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Author Hartquist, T. W. ♦ Van Loo, S. ♦ Falle, S. A. E. G. ♦ Caselli, P. ♦ Ashmore, I.
Source arXiv.org
Content type Text
File Format PDF
Date of Submission 2008-07-09
Language English
Subject Domain (in DDC) Computer science, information & general works ♦ Natural sciences & mathematics ♦ Astronomy & allied sciences ♦ Physics
Subject Keyword Astrophysics ♦ physics:astro-ph
Abstract Outflows of pre-main-sequence stars drive shocks into molecular material within 0.01 - 1 pc of the young stars. The shock-heated gas emits infrared, millimeter and submillimeter lines of many species including. Dust grains are important charge carriers and play a large role in coupling the magnetic field and flow of neutral gas. Some effects of the dust on the dynamics of oblique shocks began to emerge in the 1990s. However, detailed models of these shocks are required for the calculation of the grain sputtering contribution to gas phase abundances of species producing observed emissions. We are developing such models. Some of the molecular species introduced into the gas phase by sputtering in shocks or by thermally driven desorption in hot cores form on grain surfaces. Recently laboratory studies have begun to contribute to the understanding of surface reactions and thermally driven desorption important for the chemistry of star forming clouds. Dusty plasmas are prevalent in many evolved stars just as well as in star forming regions. Radiation pressure on dust plays a significant role in mass loss from some post-main-sequence stars. The mechanisms leading to the formation of carbonaceous dust in the stellar outflows are similar to those important for soot formation in flames. However, nucleation in oxygen-rich outflows is less well understood and remains a challenging research area. Dust is observed in supernova ejecta that have not passed through the reverse shocks that develop in the interaction of ejecta with ambient media. Dust is detected in high redshift galaxies that are sufficiently young that the only stars that could have produced the dust were so massive that they became supernovae. Consequently, the issue of the survival of dust in strong supernova shocks is of considerable interest.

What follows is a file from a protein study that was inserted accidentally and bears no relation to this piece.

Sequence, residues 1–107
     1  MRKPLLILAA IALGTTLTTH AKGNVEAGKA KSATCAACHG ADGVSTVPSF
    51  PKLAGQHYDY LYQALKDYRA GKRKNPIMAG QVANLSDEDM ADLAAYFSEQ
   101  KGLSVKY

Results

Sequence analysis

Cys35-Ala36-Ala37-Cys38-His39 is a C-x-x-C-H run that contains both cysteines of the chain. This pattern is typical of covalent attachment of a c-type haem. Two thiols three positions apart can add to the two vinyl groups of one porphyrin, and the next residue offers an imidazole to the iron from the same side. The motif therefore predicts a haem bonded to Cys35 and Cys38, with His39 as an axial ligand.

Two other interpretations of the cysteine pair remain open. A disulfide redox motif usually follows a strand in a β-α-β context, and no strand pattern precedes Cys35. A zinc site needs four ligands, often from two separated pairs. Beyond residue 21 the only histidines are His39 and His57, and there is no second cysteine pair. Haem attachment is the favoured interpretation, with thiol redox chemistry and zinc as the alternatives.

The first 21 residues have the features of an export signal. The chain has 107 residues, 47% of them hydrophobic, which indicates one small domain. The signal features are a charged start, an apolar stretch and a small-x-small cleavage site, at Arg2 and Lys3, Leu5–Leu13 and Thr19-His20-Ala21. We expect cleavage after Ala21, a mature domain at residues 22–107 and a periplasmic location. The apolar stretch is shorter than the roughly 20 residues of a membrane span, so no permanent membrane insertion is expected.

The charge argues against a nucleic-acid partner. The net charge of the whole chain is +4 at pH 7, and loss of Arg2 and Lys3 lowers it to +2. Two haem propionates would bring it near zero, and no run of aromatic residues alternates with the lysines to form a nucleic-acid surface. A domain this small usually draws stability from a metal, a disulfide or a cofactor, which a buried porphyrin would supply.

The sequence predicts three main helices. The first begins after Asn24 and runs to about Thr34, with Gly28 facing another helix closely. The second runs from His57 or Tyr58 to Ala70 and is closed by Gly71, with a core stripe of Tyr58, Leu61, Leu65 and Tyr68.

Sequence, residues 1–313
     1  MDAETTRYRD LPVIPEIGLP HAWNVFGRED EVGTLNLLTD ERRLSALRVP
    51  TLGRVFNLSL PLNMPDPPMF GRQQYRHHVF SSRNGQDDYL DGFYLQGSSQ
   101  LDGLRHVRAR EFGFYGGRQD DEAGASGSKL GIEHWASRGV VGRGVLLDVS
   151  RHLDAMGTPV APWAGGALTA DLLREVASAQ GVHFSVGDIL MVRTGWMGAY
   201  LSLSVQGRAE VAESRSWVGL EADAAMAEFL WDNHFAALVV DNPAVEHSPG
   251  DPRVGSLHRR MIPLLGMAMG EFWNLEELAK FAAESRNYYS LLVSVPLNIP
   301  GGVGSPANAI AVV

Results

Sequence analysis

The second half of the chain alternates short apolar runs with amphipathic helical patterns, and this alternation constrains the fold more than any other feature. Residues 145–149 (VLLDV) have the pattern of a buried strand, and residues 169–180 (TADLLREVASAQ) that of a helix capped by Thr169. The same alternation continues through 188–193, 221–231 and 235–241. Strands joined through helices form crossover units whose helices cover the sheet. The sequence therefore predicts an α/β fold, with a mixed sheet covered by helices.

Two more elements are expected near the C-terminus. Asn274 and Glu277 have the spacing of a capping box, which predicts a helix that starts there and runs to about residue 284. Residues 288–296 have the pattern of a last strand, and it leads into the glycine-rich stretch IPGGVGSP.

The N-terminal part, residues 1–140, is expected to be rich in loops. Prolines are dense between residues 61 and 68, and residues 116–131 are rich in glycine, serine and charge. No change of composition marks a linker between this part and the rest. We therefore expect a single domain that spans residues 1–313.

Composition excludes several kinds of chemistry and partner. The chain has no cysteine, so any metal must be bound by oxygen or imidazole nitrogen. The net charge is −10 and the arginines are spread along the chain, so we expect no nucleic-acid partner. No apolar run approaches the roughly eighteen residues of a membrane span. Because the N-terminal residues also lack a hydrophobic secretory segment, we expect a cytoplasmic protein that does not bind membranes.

Description Reference: AIP Conf.Proc.1041:101-104,2008
Educational Use Research
Learning Resource Type Article
Page Count 4


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